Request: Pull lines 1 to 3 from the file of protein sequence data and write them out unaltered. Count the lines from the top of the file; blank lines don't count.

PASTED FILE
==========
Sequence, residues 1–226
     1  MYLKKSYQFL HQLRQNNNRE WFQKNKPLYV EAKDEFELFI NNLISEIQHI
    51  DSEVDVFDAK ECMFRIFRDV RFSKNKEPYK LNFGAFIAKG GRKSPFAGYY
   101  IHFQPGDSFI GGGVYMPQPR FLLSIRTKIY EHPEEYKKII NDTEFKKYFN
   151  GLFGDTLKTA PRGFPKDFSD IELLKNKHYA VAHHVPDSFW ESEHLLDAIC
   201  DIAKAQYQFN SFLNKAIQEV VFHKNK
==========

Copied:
Sequence, residues 1–226
     1  MYLKKSYQFL HQLRQNNNRE WFQKNKPLYV EAKDEFELFI NNLISEIQHI
    51  DSEVDVFDAK ECMFRIFRDV RFSKNKEPYK LNFGAFIAKG GRKSPFAGYY